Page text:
I am currently negotiating for a new position at a public R2 in the mid-Atlantic/south. The position offer is generally very good, save for the lack of clarity in teaching load. The chair/dean keep referring me to the Faculty Handbook for the description of faculty hours per semester requirements. The description of course is vague, saying that each program's chair determined how the annual 24 hour credit load should be divided between teaching, research and service. During my actual in person interview, the teaching load was represented to me by chair and other faculty as a 2/2, which is much better than my current position. Now, the Dean is saying it can vary from a 2/2 to 3/2, etc. I have asked for more precision in my offer letter/start-up, with no response. Penny for your thoughts/wisdom on this issue…
Date: 04 Jul 2015 21:41
Number of posts: 4
RSS: New posts
Have you browsed the course schedule for this past spring and fall semesters? This should be revealing by showing how many courses, independent studies, etc., current faculty there are teaching. This may provide some insight. It's otherwise hard to read into this. I know that at many institutions, communications slow drastically during the summer. If the Dean's office draws up the letter, then the lack of information may reflect the Dean not trampling on the department's authority over this. Have you contacted the department chair or asked for details about how the teaching loads are calculated?
Your situation offers deep insight for any on the job market. Don't settle for an answer about "faculty handbook" or "oh, we're a 2/2 load" alone. Ask for the specifics about how the number of credits are calculated. One final thought - if everyone is giving you vague answers, this could be a bad sign. The course schedules may be revealing here. If the department is really stiffing faculty such that the 24 hour load is mostly actual classroom teaching, you should clearly see tenure-track faculty there hauling beyond the 2/2 courses. Hope this helps!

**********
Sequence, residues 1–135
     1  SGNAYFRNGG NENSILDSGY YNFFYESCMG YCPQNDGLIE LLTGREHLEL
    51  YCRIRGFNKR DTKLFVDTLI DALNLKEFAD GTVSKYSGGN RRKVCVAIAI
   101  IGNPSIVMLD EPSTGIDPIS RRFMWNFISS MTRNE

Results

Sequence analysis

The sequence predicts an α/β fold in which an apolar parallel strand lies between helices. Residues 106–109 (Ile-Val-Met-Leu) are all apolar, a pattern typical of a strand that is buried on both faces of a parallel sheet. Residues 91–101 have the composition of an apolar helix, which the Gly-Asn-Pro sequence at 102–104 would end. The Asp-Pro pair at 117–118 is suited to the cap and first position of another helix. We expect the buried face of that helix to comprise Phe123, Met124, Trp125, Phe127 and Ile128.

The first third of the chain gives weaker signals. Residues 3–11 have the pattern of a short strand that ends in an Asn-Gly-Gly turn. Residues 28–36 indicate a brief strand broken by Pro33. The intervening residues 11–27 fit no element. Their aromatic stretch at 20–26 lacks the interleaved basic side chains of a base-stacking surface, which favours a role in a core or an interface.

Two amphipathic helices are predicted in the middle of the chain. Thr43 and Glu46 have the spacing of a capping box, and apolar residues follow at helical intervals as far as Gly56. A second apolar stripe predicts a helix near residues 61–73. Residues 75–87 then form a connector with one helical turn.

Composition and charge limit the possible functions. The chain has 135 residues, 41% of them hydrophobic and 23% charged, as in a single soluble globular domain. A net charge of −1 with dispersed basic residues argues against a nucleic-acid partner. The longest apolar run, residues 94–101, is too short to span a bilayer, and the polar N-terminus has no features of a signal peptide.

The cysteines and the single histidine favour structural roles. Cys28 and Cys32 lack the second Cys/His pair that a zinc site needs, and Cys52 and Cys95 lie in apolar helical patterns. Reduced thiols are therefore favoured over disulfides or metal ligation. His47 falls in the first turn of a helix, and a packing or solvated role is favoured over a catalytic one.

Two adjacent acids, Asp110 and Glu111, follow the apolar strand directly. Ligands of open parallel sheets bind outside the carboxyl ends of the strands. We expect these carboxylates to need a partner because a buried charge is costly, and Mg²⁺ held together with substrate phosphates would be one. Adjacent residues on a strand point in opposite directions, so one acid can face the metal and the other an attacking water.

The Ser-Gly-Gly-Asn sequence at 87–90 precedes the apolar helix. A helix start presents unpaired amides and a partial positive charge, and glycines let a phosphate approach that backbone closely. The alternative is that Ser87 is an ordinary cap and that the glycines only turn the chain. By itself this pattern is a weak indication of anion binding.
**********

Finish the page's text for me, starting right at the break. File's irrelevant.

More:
Aside from the dean, what about the dept chair or the area head within the dept? They would likely be able to give you more specific info. Find out who does the course scheduling in the department and ask them. Especially if this is an arts & sciences dean, that person may be dealing with some departments teaching 1-1 and some teaching 4-4 and trying to be political when talking to you.
You should expect clarity within your offer letter and contract regarding how many courses per year you will teach, period. Checking course schedules can give you a sense of what has typically happened in the past, but that has limited value because things change. The contract you sign now is the only protection you will have if, five or ten years from now, the dean or administration inform you that you now have to teach 3/3. Finding the relevant language in the faculty handbook would be better than past schedules, but be aware the handbook can also change.